Is $600 Billion Enough?
Today’s new austerity may have an upside if it prods schools to embrace new technologies that cut costs and improve learning.
It is crunch time for public education. Several storms are converging to create a hurricane of educational instability: sharply declining revenues, intense international competition, outdated approaches to teaching and learning, and a significant achievement gap between white students and their African-American and Hispanic peers. Seemingly unable to get to the root causes of what is plaguing the schools, we keep spinning our policy wheels while also spending a great deal of money—$600 billion a year.
The National Center for Education Statistics reports that the nation’s per pupil expenditures have doubled in inflation-adjusted terms since 1970, while scores on standardized assessments of student achievement have remained essentially flat. In 1971 the average reading score for nine-year-olds on the National Assessment of Educational Progress was 208 (on a scale of 0 to 500); in 2009 it was 221, an improvement, yes, but still mediocre at best. Moreover, it appears that the longer students stay in school, the smaller the learning gains. Seventeen-year-olds averaged a score of 285 on the NAEP reading test in 1971; nearly 40 years later, they scored only three points better.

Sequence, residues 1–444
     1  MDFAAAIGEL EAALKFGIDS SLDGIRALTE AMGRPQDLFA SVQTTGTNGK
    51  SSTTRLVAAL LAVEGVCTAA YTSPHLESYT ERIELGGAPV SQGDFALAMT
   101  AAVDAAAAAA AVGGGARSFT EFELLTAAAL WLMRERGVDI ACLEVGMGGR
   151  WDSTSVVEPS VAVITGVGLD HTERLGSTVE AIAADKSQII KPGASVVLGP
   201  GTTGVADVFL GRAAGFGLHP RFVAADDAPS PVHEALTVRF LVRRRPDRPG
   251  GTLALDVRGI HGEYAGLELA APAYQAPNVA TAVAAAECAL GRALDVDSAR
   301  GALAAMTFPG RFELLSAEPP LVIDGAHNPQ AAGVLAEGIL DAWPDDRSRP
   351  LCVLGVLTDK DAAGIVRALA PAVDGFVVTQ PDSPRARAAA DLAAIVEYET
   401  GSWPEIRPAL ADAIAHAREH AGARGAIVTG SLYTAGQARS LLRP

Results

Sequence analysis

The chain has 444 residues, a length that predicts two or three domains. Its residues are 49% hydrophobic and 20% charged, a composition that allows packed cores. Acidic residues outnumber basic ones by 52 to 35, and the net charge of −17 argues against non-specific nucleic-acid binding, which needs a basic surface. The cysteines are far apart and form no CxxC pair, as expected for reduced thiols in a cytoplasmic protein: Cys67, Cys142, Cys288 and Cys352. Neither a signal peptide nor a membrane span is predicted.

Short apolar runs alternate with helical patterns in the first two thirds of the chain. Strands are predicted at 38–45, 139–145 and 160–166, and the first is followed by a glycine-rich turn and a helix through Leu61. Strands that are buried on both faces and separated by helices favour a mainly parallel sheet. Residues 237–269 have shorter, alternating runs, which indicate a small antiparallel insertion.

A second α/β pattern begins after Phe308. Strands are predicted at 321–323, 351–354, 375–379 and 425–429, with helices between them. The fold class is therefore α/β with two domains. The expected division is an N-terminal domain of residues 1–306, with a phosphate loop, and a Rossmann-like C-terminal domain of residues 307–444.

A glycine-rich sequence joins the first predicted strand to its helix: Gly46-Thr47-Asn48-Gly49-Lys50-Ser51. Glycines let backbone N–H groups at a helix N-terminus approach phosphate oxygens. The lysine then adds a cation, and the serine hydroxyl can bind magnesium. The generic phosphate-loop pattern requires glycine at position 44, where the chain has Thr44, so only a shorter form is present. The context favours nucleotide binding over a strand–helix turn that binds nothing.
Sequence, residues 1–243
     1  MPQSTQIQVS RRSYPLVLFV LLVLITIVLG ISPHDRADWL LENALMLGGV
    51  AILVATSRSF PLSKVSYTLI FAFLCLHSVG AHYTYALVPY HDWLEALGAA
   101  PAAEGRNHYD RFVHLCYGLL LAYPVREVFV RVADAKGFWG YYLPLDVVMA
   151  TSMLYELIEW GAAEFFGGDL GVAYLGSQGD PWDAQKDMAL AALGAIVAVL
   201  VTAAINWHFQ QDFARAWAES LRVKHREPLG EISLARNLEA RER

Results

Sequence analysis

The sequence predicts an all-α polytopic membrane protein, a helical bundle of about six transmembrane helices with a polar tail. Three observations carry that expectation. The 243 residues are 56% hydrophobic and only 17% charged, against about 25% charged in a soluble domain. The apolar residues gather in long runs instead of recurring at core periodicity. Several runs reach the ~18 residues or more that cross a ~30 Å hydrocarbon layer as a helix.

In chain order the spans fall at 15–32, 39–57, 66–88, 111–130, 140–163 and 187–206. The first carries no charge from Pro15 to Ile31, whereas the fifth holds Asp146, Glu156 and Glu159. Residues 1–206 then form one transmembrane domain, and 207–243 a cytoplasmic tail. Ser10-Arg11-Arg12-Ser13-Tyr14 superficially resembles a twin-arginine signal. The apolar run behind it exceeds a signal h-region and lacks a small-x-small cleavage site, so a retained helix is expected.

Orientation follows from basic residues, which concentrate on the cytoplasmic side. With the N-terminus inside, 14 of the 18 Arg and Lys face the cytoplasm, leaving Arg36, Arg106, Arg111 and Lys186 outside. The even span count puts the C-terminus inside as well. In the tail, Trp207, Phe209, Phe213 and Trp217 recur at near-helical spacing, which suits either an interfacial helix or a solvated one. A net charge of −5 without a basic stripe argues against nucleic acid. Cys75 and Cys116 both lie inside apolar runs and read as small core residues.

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Peter W. Cookson Jr., a sociologist and educational consultant, is the former president of TC Innovations at Teachers College, Columbia University, and the author of several books, including School Choice: The Struggle for the Soul of American Education (1994) and Sacred Trust: A Children’s Education Bill of Rights, published earlier this year.more from this author >>
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